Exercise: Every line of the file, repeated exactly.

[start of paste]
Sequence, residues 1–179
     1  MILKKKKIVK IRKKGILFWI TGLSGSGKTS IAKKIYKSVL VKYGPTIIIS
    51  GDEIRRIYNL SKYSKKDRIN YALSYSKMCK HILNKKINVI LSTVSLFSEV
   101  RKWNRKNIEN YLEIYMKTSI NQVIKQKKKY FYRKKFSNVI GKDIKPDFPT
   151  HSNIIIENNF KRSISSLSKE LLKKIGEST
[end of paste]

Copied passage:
Sequence, residues 1–179
     1  MILKKKKIVK IRKKGILFWI TGLSGSGKTS IAKKIYKSVL VKYGPTIIIS
    51  GDEIRRIYNL SKYSKKDRIN YALSYSKMCK HILNKKINVI LSTVSLFSEV
   101  RKWNRKNIEN YLEIYMKTSI NQVIKQKKKY FYRKKFSNVI GKDIKPDFPT
   151  HSNIIIENNF KRSISSLSKE LLKKIGEST